Talk:The ideal Wikimedia board of trustees

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Glad to see renewed interest in this. Three suggestions for how to manage the recruitment of a board, and proposals for new discussions:

  1. Invite the people named, by sending them the exact URL of this article. Tell them that they are welcome to remove themselves from the list if they are not interested, but that we would prefer that they suggest someone else who has the same advantages, and maybe similar interests, and perhaps more time to focus on wikipedia. Also ask them what might be appropriate funding sources, and an institutional sponsor, e.g. some UN entity working in education?
  2. Begin raising objections to particular individuals in another article, NOT THIS ONE (Ideal Wikipedia board) which should remain clean and readable and printable without adding discussion, that might confuse or anger sponsors or potential board members. But we do need a thorough discussion in an obvious place, so let's make it recruiting Wikipedia's board, and encourage discussion of ongoing issues in how these people would get along.
  3. Agree in advance for a voting system to use if and when consensus decision making breaks down - that will avoid contention if the choices get especially controversial. Issues of national, ethnic, gender and ethical point of view representation should be assumed to pop up AT SOME POINT in the recruiting of a board, so settling on equity measures in advance is essential as well. For instance if South Asians are 3% of users right now but over 60% of Earth's population, how do we compensate for the fact that we make decisions that affect how their knowledge and languages and history are being represented?

This is a very complex issue that should be discussed starting NOW, so a Wikipedia board manual should also get going about now, and outline how various systems of meeting and voting and means of consensus decision making would or would not meet its requirements to manage this project of >100,000 articles trying to be useful to the Hundred millionth user, Billionth user, etc.. Talk about a requirements problem!

Sounds nice for a hundred millionth user, maybe a tiny little bit anglo-americano-newzelando-australio-canadio centred for a billionth user :-)
Yup, the board required to solve the problems for the hundred millionth user to three hundred millionth user, would be quite different from the board required to solve the problems of the five hundred millionth user to billionth user or three billionth user. Those issues are discussed in those other articles, we basically have to guess or choose the range of users we accomodate. Even now the English wikipedia is so much better developed and referred that it's hard to see how it will be less than a 90%-English project even with 300 million users... although beyond that, there just aren't any more native English speakers, and we get mired in questions of defining vocabulary (Wiktionary is evading this right now) and pay more attention to simplified Wikipedia and accomodating translation.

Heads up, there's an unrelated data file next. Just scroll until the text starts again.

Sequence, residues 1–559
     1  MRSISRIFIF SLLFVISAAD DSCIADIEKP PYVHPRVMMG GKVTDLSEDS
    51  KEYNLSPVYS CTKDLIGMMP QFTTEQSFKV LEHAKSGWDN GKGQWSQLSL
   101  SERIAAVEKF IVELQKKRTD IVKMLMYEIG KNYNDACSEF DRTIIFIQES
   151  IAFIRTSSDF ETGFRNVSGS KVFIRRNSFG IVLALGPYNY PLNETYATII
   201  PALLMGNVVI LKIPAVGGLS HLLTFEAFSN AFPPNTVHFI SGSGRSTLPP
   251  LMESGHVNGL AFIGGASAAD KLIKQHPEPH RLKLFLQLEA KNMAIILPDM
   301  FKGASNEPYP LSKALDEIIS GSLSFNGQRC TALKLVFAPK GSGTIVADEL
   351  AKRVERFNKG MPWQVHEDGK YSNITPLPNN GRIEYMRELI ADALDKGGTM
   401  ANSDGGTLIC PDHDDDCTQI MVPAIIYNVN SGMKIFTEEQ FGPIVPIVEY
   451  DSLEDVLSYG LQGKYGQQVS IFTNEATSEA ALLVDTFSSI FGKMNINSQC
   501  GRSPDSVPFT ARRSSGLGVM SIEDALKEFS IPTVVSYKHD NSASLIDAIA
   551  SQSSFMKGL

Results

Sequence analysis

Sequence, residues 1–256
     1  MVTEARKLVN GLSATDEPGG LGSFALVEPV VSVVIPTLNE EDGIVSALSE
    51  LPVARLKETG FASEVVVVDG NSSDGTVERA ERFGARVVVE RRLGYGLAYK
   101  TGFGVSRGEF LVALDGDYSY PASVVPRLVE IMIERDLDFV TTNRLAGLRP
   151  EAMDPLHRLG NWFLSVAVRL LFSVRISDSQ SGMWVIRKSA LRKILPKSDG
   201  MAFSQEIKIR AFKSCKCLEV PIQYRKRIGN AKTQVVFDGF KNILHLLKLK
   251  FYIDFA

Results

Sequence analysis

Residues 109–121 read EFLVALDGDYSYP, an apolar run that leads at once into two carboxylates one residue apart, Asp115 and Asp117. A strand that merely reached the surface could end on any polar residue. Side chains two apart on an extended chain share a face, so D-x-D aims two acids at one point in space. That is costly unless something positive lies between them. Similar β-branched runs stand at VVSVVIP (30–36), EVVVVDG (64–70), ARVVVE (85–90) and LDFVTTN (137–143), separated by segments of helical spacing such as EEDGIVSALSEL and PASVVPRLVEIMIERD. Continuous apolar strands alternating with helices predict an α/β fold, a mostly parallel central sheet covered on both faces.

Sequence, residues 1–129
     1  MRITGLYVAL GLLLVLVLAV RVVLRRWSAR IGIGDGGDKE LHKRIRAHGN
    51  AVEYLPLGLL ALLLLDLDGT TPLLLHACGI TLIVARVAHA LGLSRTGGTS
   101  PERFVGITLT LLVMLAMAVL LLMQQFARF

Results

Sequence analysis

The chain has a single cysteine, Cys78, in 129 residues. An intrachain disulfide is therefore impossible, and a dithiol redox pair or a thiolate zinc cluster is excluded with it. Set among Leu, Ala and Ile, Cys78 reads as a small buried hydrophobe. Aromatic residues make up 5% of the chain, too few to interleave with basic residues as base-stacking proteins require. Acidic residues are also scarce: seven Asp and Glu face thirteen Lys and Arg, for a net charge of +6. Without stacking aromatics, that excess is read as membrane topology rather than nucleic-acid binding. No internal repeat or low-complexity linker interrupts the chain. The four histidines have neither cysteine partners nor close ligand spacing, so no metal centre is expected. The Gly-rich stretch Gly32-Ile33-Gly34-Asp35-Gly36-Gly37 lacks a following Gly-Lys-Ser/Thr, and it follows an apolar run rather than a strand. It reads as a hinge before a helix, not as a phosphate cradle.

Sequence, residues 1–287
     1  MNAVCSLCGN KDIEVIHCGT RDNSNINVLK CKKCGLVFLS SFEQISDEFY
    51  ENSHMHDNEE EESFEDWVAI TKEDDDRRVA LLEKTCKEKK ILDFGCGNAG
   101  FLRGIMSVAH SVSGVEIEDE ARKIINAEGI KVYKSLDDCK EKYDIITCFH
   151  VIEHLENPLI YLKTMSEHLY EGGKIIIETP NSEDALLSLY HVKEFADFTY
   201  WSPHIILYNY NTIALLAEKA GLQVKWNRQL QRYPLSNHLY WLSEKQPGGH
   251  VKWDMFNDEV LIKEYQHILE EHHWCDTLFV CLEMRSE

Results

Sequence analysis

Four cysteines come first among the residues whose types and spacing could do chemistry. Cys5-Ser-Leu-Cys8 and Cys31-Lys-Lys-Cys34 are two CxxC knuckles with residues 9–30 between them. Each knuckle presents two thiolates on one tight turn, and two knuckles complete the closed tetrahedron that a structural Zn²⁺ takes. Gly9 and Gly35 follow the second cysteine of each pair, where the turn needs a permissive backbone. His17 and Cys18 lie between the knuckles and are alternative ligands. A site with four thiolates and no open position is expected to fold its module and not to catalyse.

True. But likely among your 300 million users, there will be many many non-english. Maybe even the majority. The common language is just a 'tool' we can't avoid to understand each other. Many of us who understand english use much much more sites in english language than in our own language. So, though there's no doubt in my mind the english wiki will always be far ahead all of the others for a long long time, though it seems clear to me the board should in majority speak and understand well english, I think if you want to accomodate the range of users you are likely to get, you should have other voices than just westernish ones. If only to point out which subjects are better covered, or more likely to be better covered on a non-english wiki. The more I read some of the english articles on a couple of issues that are rather strongly defined in my mind, the more I am amazed by the gap that sometimes exist between two supposingly common concepts/words.
Agreed on all counts. For instance the English word en:power has two equivalents en francais, one meaning 'power from within oneself, innate power, or ki' (in Japanese), the other meaning 'power allocated someone by a trust', e.g. political power. That in itself has some pretty major implications. Also en francais one differentiates between the 'imparfait' tense in which one is filling in gaps outside the main thrust of action, e.g. en:flashbacks, and there is 'composee' and 'definee' tenses for writing and speaking about the path of action itself. English makes no such distinctions which suggests a different mode of thought and breakdown of language.
The only cure is probably just more board members from non-English-speaking nations, whose primary language is not English. One may start with teh people who ran for the board of en:ICANN, on five continents, who are clearly interested in the Internet... some of them may be willing to serve on the wikipedia board.